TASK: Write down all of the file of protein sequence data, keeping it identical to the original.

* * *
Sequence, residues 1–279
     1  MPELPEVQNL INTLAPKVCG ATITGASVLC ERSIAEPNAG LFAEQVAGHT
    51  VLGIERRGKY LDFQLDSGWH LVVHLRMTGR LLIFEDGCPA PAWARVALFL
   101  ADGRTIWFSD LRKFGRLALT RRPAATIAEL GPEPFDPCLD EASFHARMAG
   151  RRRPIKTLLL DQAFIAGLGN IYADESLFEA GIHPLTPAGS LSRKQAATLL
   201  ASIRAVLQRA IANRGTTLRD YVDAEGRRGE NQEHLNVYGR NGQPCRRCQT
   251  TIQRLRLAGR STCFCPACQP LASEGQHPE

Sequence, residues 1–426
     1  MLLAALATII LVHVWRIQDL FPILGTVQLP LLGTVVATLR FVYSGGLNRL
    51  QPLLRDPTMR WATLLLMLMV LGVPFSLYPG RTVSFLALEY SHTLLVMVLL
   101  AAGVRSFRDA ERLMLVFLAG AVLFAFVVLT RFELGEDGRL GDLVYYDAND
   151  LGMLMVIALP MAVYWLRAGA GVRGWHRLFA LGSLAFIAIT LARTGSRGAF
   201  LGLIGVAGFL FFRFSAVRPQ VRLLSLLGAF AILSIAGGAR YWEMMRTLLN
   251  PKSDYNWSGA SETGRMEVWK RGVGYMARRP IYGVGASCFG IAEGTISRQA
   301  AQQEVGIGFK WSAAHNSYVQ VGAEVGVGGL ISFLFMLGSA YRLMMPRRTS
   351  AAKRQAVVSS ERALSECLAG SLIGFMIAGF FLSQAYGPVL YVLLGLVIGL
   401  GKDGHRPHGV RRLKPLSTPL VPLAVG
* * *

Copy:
Sequence, residues 1–279
     1  MPELPEVQNL INTLAPKVCG ATITGASVLC ERSIAEPNAG LFAEQVAGHT
    51  VLGIERRGKY LDFQLDSGWH LVVHLRMTGR LLIFEDGCPA PAWARVALFL
   101  ADGRTIWFSD LRKFGRLALT RRPAATIAEL GPEPFDPCLD EASFHARMAG
   151  RRRPIKTLLL DQAFIAGLGN IYADESLFEA GIHPLTPAGS LSRKQAATLL
   201  ASIRAVLQRA IANRGTTLRD YVDAEGRRGE NQEHLNVYGR NGQPCRRCQT
   251  TIQRLRLAGR STCFCPACQP LASEGQHPE

Sequence, residues 1–426
     1  MLLAALATII LVHVWRIQDL FPILGTVQLP LLGTVVATLR FVYSGGLNRL
    51  QPLLRDPTMR WATLLLMLMV LGVPFSLYPG RTVSFLALEY SHTLLVMVLL
   101  AAGVRSFRDA ERLMLVFLAG AVLFAFVVLT RFELGEDGRL GDLVYYDAND
   151  LGMLMVIALP MAVYWLRAGA GVRGWHRLFA LGSLAFIAIT LARTGSRGAF
   201  LGLIGVAGFL FFRFSAVRPQ VRLLSLLGAF AILSIAGGAR YWEMMRTLLN
   251  PKSDYNWSGA SETGRMEVWK RGVGYMARRP IYGVGASCFG IAEGTISRQA
   301  AQQEVGIGFK WSAAHNSYVQ VGAEVGVGGL ISFLFMLGSA YRLMMPRRTS
   351  AAKRQAVVSS ERALSECLAG SLIGFMIAGF FLSQAYGPVL YVLLGLVIGL
   401  GKDGHRPHGV RRLKPLSTPL VPLAVG